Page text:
On October 26, I spoke at a seminar that was hosted by the Dutchess County Regional Chamber of Commerce at their Marketplace 2011. The topic was “Branding,” and I started off with a small fun exercise that you can play with your colleagues.

Have you ever been to a Starbucks?

Do you go there regularly?

Did you visit a Starbucks today?

Now for the even more fun part – can you describe the Starbucks logo from memory?

How did you and your colleagues do? Not so easy, is it?

Starbucks is the one of the largest brands in the U.S., the largest coffeehouse in the world, and, in 2009, surpassed Coca Cola to become the most popular brand on Facebook.

Everyone at that seminar had been to a Starbucks, and some even went there regularly. Most participants at the seminar knew that the logo was green and white, and only one person in that room remembered that there was a woman with “something” on her head in the logo. No one was able to describe the logo completely.

Branding is NOT a logo, a font or a name! Just because you may not be able to perfectly recall the Starbucks logo does not deter you from making future purchases there.

So, what is branding really about? Well, the foremost objective of branding is to establish and maintain an emotional expectation with your target audience, so that they will be predisposed to repeatedly select your product or service, and recommend it to others.

Think about it. Do you go to a Starbucks for the best tasting coffee, the fastest service, or the best value for your dollar? Or perhaps you go there because you feel a sense of community with others you see reading their books, tapping away on their laptops, or simply chatting with friends while they sip their coffee. Perhaps you appreciate the customization that the coffeehouse offers with the carefully and painstakingly handwritten menu boards, or the sense of sophistication that you get as you walk out with a cup of coffee that a barista made according to your taste. That’s no ordinary cup of joe in your hand!

Whatever your reason, you go there because of the emotional expectation the brand promises, and the fulfillment of that expectation through your experience.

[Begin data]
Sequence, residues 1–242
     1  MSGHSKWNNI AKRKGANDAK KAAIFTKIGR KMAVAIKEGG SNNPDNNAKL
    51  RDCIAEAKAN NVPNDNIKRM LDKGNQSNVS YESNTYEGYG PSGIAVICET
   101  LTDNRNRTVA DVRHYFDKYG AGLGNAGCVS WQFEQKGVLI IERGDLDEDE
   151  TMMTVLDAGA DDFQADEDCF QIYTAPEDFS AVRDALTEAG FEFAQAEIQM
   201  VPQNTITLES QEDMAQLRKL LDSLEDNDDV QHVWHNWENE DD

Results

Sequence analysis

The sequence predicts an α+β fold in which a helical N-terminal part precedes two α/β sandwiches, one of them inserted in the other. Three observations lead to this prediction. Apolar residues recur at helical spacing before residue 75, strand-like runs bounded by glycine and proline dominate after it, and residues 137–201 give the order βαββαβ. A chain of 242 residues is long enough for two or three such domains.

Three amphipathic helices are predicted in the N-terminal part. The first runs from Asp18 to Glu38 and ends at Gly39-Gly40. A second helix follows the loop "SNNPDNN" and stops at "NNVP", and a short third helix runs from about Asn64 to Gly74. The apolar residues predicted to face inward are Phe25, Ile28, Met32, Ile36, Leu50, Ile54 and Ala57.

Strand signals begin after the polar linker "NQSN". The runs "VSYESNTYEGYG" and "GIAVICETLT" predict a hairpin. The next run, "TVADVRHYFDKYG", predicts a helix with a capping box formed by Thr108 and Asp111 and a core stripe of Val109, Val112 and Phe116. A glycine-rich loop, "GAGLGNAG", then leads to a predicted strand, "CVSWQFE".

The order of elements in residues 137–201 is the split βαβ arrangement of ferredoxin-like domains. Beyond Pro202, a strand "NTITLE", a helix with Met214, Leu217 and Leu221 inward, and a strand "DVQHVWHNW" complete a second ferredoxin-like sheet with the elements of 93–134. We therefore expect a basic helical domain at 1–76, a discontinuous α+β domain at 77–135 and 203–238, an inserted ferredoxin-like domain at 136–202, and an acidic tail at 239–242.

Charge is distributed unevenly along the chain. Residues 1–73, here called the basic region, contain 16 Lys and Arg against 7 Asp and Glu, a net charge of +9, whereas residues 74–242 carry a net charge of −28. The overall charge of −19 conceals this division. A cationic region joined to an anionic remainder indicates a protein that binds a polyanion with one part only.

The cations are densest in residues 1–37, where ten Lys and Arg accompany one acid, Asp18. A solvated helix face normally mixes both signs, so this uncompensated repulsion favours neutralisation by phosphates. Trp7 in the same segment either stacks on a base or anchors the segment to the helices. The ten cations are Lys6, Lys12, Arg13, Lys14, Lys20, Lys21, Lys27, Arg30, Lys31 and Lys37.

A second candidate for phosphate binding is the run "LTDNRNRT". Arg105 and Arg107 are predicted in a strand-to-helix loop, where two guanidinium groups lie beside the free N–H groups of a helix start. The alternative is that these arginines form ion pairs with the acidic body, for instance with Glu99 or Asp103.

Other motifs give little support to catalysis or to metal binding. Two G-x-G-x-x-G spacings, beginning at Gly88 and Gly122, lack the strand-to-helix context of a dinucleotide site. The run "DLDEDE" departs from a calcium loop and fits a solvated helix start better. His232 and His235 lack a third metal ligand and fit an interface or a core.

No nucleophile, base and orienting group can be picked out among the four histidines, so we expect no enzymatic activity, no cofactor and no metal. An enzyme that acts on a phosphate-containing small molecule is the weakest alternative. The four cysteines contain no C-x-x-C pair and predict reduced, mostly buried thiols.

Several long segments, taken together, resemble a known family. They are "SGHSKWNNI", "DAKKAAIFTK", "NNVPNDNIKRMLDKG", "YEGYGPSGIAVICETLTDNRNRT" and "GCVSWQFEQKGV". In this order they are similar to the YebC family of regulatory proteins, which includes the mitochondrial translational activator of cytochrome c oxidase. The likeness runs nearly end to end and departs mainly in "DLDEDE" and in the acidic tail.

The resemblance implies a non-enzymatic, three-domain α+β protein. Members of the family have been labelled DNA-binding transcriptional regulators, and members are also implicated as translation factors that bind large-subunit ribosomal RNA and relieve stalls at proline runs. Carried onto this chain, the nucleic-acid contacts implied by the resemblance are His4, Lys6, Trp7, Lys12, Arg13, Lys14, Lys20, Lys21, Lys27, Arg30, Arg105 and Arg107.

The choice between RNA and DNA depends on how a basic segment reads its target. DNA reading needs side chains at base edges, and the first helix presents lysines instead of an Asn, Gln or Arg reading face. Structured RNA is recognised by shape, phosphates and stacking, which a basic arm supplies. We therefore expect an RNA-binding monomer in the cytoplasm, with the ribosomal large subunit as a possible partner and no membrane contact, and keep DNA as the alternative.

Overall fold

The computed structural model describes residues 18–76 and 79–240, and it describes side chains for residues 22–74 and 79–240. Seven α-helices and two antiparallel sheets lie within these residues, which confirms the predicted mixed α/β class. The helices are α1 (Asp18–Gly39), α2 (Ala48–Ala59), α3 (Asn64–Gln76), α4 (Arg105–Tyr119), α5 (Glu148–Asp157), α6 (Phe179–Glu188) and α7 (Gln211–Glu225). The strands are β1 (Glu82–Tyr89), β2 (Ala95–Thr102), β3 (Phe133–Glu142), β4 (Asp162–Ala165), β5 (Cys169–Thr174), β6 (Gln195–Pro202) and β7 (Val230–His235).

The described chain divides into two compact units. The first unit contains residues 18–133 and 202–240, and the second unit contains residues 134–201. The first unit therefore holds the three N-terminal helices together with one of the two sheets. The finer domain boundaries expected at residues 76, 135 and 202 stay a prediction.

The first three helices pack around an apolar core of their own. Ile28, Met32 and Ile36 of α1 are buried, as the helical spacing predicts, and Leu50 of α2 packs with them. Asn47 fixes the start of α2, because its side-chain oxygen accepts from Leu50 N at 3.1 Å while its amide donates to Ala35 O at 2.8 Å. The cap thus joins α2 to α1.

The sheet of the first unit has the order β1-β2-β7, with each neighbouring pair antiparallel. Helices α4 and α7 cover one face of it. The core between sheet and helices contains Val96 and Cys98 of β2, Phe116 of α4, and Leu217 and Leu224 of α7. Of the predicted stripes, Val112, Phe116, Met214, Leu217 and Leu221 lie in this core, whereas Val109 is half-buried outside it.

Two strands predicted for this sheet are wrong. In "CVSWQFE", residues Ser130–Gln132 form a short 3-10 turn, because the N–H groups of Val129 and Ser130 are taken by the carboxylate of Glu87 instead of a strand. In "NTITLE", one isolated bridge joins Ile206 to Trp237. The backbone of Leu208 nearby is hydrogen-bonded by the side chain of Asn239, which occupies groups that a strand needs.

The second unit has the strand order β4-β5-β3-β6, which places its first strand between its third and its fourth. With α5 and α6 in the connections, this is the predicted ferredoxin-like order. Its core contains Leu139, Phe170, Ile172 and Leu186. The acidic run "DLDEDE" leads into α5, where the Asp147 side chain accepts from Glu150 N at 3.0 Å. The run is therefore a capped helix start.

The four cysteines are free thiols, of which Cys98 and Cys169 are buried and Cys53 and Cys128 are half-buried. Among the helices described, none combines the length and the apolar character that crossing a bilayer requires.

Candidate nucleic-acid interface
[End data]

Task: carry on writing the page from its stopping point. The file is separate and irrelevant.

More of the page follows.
So, branding is a consciousness, an image, an awareness, an identity that you have created for your business. It is a set of fundamental principles that form a common understanding of what your business is about, and what customers, employees and stakeholders alike can expect to experience when they walk into your business. It is an emotional experience that you want your target audience to have every time they come into contact with your business, product or service.

Your brand is your promise to your customer. Therefore, it is critical for that promise to manifest itself in every aspect of the business – in the way customers are treated and business is conducted – to enable trust to develop and be nurtured with customers and other stakeholders. It is essential for business owners, as well as employees, to live their brand at every moment.

Then, how do you determine whether the brand that you’ve created is right for your business? Ask yourself – is the story I am telling about my business leading my customer to the experience that I have described? If it is, it will lead your customer to the expectation he had, and he will return to your business again and again, and recommend it to others. If it isn’t, however, your customer will be disappointed, and may not even return to your business again or recommend it to others.

Customer research shows that “82% of respondents have stopped doing business with an organization due to a poor customer experience. 95% of respondents have taken action as a result of a negative experience, and 79% told others about it.” Ruby Newell-Legner notes, “It takes 12 positive service experiences to make up for one unresolved negative experience.”

Branding does not happen by chance. It must be skillfully designed and adeptly crafted.

Early branding of any business is critical to business success. Even a graphic artist cannot design an appropriate logo if he does not have a clear understanding of what the business is about. A website developer also needs to be clear on the nature of a business to begin to create a website that communicates the brand effectively. So, defining your brand is the first step!

Every business owner must be clear on what his business is about, and live it. If not, competitors are very likely to swoop in and capture your customers by showing them that they are already doing what you are only telling your customers you can do.

In today’s economic environment, with a steady burgeoning of competition for customers, a robust brand is imperative for every business. Do you think that investing in professional help to research, define and build your brand is not important or worth it? Well, research shows that attracting a new customer to your business can cost five times as much as retaining an existing one! How important is that to your bottom line?